COVID-19 disrupted how we live our everyday lives. Not only did it wreak havoc with the health of those around us but of the rest of the world. The impact it caused on businesses where many were forced to put their operations on pause and some were forced to close down. In addition, the damage it caused to the world economy.
Tough Times Still Ahead
It is not difficult that negative thoughts creep into almost everyone’s consciousness during the COVID-19 pandemic. The virus has spread (and is still spreading). Many nations are implementing or have implemented quarantines.
Many people lost their jobs and schools are indefinitely closed. All of us were suddenly isolated from friends family, and our co-workers. Despite this, keeping a positive mindset can go a long way in managing through this difficult time.
Now, even with the availability of vaccines to combat the onslaught brought about by COVID-19, the world still has a long way to go before we can go back to what we consider “normal.” Until then, we have to batten down the hatches, remain calm and stay safe.
However, we cannot escape the fact that COVID-19 devastated world economies. Businesses had to adapt quickly if they wanted to stay afloat. They had to devise workforce strategies such as work-from-home policies for the safety of their employees. Many were also forced to invest in digital technologies to be able to shift their transactions and dealings online as well as to monitor employee’s progress in day-to-day activities.
A Positive Family Approach
The need to implement social distancing also brought in social isolation from what we are used to stay safe and remain healthy. However, this also means we are spending more time at home with our families.
This also means that being in a confined living environment during this stressful time can put a strain on family relationships. Despite this, we should be aware of the challenges and continue to find ways to maintain healthy family bonds and focus on maintaining our physical and mental health.
It used to be that we had to make time to have some family time. Now that we are forced into this situation by COVID-19, family time has now become most of the time. This is an opportunity to spend quality time and do activities together as a family.
People at this point have likely learned to appreciate their family more because they have to spend time with each other unexpectedly. This is a rare opportunity that we may never have again. It is highly likely that we are going to develop the need and want to spend time with each other after all this ends.
Vital to this is to consciously strive for proper communication rather than merely engaging in a conversation.
● One has to learn to talk things through and be honest and open about your thoughts and feelings.
● Learn to manage your emotions and stay calm when tensions arise.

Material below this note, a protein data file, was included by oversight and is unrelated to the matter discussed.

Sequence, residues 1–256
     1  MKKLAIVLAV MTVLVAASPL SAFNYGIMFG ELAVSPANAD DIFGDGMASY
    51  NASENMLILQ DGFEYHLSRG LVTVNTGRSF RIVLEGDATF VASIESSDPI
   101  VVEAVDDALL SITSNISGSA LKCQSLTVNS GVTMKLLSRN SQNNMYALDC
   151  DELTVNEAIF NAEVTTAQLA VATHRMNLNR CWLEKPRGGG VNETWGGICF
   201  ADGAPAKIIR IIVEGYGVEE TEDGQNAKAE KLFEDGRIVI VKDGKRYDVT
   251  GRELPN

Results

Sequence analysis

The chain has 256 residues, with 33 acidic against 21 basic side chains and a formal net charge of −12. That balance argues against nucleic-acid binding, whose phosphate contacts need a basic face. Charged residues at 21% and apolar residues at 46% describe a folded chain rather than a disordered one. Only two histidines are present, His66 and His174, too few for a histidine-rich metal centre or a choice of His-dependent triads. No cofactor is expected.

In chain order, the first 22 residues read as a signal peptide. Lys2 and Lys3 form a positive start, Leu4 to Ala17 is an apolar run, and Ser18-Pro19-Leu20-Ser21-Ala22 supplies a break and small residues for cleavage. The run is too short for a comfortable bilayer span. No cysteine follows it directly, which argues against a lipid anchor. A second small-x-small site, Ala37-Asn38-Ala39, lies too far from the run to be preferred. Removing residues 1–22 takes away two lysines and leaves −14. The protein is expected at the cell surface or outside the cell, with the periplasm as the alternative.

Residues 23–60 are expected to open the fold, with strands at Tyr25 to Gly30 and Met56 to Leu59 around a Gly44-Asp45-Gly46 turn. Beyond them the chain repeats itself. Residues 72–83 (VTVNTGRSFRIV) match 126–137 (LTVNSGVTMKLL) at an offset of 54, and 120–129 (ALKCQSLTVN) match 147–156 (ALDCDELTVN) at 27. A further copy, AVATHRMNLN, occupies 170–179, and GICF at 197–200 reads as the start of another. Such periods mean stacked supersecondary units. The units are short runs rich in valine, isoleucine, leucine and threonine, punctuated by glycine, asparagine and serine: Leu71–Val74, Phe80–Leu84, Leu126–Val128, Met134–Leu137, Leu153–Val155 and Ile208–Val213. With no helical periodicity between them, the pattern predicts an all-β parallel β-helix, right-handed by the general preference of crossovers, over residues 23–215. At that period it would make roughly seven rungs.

● Listen and be attentive to what each person is saying.
● Be open and be willing to compromise but
● Respect personal boundaries.
● Do not be stingy with praise and show genuine appreciation.
● Remember that patience is a virtue
● Take the time to laugh together at each opportunity you get.
Positive Impact on Workplace Culture
Lockdowns due to COVID-19 have become synonymous with working from home for most people. Though research shows that working remotely has an isolating effect, workers now have become visible due to the popularity of video calls.
Gone are the days when you tend to ignore a co-worker in the office and only speak to them on a need-to basis. This has potentially united workers with the assurance that they are not alone in this struggle of having to balance work, personal responsibilities, and to some degree, family responsibilities together.
Surely, by now, many of you have experienced social media, memes or even newsworthy moments when your co-worker’s kids, pets, or even their partners wearing only undergarments or heaven forbid, in their birthday suits popped on-screen during Zoom meetings. The gist is, that working from home has become less stringent in observing professional presentation rules. Due to video conferencing, the virtual workspace has evolved into something more flexible and humane.
More and more people are working from home in this time of the pandemic. It also provided a window into the personal lives of our colleagues, our clients and to some extent, even our bosses. Every video call feels like we are being invited into the private space and personal lives of our colleagues in unprecedented ways.
Rather than diminishing how one is perceived professionally during video call mishaps, these rare glimpses of personal lives somehow improve workplace interactions. These moments allow employees to get to know and see each other in a new light as work and personal lives overlap. This can result in being more tolerant of missed deadlines and more sympathetic to an unconventional work schedule.